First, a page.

ABA Behavior Intervention Plan (BIP) Template

Instructor: Heather Jenkins

Heather has a bachelor's degree in elementary education and a master's degree in special education. She was a public school teacher and administrator for 11 years.

If you have students who are struggling with behavior, it's important to provide appropriate support and interventions. Use this template to help you create an ABA behavior plan to encourage positive behavior in the classroom.

Encouraging Positive Behavior

Most teachers have had the experience of dealing with a student who has challenging behavior. It can seem like no matter how many times you remind the student of behavioral expectations, they just don't seem to respond. For most students identifying and discussing appropriate behavior is enough for them to display positive behavior; however, for some students, additional intervention may be needed.

Creating an Applied Behavioral Analysis (ABA) Behavior Intervention Plan (BIP) is a lengthy process that requires targeted data collection, analysis, and should be created with input from all stakeholders, including the parents and the student. The premise behind an ABA Behavior Intervention Plan is to identify the motivation behind the student's problem behavior and encourage positive behavior alternatives to satisfy this motivation through intervention strategies.

Let's look at what information is usually included in a successful ABA Behavior Intervention Plan.

Identifying Information for the Student

The first section of a behavior plan usually provides general student information. This is included so teachers or professionals can easily identify the student for which the behavior plan was created. The identifying information could include:

  • Name
  • Grade level
  • Diagnoses of physical, learning, emotional, and/or behavioral conditions
  • Date of plan implementation


The history/background portion of the behavior plan should include information about the student's personal, educational, medical, and social history that may impact his/her behavior. This could include information about the student's:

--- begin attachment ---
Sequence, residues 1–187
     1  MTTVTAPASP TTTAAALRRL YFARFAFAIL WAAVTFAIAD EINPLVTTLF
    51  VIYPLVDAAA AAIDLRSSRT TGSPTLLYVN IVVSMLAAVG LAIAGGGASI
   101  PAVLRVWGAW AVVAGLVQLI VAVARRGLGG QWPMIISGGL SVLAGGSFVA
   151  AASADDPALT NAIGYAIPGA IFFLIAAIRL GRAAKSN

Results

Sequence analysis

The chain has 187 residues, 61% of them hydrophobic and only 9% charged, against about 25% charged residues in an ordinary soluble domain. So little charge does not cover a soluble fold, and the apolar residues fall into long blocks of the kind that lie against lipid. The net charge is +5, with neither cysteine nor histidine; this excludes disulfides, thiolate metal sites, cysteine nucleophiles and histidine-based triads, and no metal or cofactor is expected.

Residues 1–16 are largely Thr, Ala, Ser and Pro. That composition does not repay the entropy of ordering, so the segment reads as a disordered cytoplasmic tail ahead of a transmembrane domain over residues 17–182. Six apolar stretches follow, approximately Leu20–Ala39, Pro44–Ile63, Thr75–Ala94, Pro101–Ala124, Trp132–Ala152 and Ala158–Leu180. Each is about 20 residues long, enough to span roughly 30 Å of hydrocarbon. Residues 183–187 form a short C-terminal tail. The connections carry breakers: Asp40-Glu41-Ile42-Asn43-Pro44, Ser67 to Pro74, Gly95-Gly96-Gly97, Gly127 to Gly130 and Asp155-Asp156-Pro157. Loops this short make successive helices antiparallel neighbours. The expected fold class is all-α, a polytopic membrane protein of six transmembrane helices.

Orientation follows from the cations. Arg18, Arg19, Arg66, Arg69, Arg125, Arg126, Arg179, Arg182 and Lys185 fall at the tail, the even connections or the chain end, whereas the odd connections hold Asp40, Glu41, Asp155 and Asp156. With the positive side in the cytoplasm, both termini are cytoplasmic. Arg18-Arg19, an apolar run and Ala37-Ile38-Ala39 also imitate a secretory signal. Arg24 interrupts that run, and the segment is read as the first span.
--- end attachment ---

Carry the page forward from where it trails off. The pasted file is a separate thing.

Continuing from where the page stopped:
• Home environment/family
  • Medical conditions
  • Previous behavior interventions
  • Grades/testing performance
  • Likes/dislikes, hobbies/interests

Information listed in this section could be collected from a review of the students' records, Individualized Education Programs (IEP) or 504 plans, and interviews or surveys from parents, teachers, and other professionals working with the student.

Results of the Functional Behavior Assessment

A Functional Behavior Assessment (FBA) is usually conducted once problem behaviors have been identified. During the FBA process, teachers and those working with the student record the frequency of the problem behavior. They also identify what happens directly before the behavior, the antecedent, and directly after the behavior, the consequence. The data is usually compiled across all settings and graphed. Interviewing the student and parents about the behavior can also provide insight into what antecedents cause the student to engage in the behavior.

Sometimes an ABC (Antecedent, Behavior, Consequence) chart, like the following example, is used to show the relationship between the antecedent, problem behavior, and consequence.

Antecedent Jon is presented with an essay assignment.
Behavior Jon taps his pencils loudly, makes growling sounds, and bangs on his desk.
Consequence The teacher asks Jon to leave the classroom.

The FBA provides insight into what initially causes the problem behavior and what actions, people, circumstances, etc. may be reinforcing it, either intentionally or unintentionally. In the example, Jon's behavior was motivated by his desire to avoid writing an essay. His behavior was being reinforced by being allowed to leave the classroom after he engaged in disruptive behavior.

Behavior Strategies/Interventions

After identifying the results of the FBA, it's time to identify the strategies and interventions that those working with the student will use to encourage a desired behavior. They should address the motivation of the student's problem behavior and reinforce a desired behavior. Let's look at an example of interventions to address the problem behavior from the example ABC chart in the previous section.

Intervention Writing checklist Movement break after 5 minutes of writing
Where/when All classes, when essay is assigned All classes, when essay is assigned
Materials needed/who provides Checklist, homeroom teacher Timer, school intervention specialist

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